The strong gold-TMDC interactions — gold’s stickiness — are a double-edged sword since the exfoliated layers are difficult to remove after baking and get stuck on the gold surface. In previous studies, an etching step is used to wash away the gold and free the exfoliated monolayer for use in technologically relevant substrates. An accompanying transfer process, which usually uses polymeric membranes to host layers during the transfer, relocates any exfoliated flakes from the gold to the desired target substrate without losing, damaging, and/or wrinkling the layer. While useful, the atomically thin, smooth surfaces of the single layers are sensitive to contaminations by the polymeric residues from the transfer membrane. We therefore thought: What if gold’s role in the process can be extended beyond just exfoliation to aid in the transfer of the layers?
A unique transfer approach was therefore developed where the gold used in exfoliation is freed from its substrate stack and the resulting gold foil hosts the exfoliated materials during their transfer onto the target substrate, almost like decorating it with leaf gold. The foil is then etched away, leaving behind the atom-thick layers at their target destination, such as on a silicon wafer.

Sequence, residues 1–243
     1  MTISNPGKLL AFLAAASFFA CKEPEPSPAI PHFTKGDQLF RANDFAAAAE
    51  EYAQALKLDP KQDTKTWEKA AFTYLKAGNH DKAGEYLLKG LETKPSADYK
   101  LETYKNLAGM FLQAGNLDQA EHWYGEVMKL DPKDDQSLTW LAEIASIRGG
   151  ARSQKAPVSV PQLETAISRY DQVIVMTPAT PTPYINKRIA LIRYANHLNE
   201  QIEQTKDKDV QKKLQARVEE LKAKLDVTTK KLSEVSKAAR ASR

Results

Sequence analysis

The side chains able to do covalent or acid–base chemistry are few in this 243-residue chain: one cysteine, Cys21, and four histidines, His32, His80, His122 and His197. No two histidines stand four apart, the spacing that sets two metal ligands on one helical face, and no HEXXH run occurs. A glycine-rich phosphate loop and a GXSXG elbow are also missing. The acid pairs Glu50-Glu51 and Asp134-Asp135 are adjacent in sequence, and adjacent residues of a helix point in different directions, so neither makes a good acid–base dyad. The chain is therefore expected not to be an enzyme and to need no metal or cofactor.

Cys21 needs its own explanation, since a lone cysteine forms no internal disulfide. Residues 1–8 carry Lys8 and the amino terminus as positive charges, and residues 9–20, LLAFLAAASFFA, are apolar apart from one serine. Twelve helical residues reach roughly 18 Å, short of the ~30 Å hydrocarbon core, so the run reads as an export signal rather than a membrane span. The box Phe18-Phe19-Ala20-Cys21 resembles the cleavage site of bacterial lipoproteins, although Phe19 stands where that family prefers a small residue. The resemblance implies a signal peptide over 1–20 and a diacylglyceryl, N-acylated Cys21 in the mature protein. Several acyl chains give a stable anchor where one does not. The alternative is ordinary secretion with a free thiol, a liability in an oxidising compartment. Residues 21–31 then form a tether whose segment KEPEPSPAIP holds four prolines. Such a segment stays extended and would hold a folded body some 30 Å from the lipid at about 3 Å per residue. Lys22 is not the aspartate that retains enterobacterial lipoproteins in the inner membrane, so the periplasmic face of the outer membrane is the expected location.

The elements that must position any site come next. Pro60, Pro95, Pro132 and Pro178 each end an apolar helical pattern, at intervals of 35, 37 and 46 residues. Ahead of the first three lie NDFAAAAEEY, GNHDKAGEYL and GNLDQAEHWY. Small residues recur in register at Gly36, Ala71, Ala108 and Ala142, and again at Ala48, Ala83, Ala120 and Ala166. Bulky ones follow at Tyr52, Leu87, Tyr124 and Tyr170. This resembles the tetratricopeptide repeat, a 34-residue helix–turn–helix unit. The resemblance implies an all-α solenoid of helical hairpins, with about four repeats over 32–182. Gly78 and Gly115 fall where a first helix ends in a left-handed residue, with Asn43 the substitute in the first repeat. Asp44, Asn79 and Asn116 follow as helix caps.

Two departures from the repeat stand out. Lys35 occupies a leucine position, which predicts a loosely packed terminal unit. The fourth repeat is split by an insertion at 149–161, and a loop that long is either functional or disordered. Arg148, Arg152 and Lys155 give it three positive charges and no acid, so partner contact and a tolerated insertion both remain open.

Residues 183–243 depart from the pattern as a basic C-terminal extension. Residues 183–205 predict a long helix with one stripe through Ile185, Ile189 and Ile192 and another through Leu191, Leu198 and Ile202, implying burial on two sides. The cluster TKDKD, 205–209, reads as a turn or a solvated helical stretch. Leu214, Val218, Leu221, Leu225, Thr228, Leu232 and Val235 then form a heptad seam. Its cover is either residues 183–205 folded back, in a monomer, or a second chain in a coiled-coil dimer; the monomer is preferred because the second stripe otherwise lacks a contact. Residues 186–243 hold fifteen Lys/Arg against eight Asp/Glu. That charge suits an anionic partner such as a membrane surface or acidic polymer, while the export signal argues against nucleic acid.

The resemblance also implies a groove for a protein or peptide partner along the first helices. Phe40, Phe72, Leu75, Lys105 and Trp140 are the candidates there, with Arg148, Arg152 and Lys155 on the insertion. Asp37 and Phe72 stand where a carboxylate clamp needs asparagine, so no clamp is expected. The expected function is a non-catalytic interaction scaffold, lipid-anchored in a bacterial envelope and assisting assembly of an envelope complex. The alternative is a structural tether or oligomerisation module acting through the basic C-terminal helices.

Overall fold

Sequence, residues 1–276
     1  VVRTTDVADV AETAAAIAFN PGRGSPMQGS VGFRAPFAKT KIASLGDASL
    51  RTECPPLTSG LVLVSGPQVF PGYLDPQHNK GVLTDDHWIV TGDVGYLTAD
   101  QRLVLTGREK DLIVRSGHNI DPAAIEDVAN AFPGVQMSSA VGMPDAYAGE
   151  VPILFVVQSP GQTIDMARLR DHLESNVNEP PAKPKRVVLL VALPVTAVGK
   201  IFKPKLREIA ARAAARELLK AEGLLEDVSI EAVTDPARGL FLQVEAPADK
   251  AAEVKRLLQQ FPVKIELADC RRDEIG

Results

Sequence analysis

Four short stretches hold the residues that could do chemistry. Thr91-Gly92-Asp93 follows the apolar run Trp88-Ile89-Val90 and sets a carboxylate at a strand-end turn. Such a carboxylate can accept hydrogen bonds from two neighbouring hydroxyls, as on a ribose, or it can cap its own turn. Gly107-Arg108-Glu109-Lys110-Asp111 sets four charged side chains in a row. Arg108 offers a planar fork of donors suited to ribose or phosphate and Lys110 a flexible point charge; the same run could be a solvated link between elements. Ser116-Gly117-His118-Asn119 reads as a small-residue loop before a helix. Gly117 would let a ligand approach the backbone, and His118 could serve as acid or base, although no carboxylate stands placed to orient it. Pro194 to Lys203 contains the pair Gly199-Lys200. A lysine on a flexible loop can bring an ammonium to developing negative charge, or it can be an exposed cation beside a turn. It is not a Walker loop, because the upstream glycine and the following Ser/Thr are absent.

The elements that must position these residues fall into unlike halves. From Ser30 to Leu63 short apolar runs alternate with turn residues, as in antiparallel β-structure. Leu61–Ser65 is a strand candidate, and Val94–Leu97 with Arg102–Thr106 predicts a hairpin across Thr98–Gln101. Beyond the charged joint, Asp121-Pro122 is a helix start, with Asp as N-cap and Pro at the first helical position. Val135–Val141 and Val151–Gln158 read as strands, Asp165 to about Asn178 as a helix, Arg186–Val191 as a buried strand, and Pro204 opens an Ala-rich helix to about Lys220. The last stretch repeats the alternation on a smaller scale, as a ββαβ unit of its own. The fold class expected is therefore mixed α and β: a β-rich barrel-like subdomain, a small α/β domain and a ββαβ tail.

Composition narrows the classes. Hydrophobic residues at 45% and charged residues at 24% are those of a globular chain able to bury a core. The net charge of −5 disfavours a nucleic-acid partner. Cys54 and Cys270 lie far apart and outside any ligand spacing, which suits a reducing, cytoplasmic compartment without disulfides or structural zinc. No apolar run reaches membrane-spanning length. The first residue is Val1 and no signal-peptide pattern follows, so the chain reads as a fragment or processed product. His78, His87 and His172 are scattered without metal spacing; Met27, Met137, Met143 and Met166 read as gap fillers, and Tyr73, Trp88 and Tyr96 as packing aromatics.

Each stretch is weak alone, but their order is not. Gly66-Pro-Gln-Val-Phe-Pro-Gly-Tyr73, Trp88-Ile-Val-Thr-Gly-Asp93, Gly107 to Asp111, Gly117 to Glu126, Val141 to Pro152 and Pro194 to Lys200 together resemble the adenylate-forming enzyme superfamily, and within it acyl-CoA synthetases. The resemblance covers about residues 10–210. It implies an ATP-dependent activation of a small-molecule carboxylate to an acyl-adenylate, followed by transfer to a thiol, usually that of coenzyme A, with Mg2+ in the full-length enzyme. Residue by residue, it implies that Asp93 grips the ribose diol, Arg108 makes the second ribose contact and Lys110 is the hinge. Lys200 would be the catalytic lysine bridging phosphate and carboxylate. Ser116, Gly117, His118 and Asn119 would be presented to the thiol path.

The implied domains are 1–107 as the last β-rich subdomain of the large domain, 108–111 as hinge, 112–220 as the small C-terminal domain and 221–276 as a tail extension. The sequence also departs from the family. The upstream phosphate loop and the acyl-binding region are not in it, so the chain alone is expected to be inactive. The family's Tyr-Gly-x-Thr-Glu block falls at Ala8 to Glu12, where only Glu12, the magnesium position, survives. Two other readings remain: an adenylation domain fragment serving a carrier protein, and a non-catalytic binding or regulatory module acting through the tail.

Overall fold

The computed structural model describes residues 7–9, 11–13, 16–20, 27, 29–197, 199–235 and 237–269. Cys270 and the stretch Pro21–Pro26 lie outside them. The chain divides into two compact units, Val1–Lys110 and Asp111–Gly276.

Besides a glamorous re-interpretation of scotch tape for exfoliation, this study could help to render gold-mediated exfoliations more robust and applicable in an industrial context. Furthermore, since gold also proved its capability for clean transfer processes, it is even more qualified to lead 2D materials one step closer to industrialization – i.e., using gold to “pull off” the next big innovation in tomorrow’s electronics.
Written by Max Heyl and Emil List-Kratochvil
Reference: Max Heyl, et al., Thermally Activated Gold‐Mediated Transition Metal Dichalcogenide Exfoliation and a Unique Gold‐Mediated Transfer, pss (Rapid Research Letters) (2020). DOI: 10.1002/pssr.202000408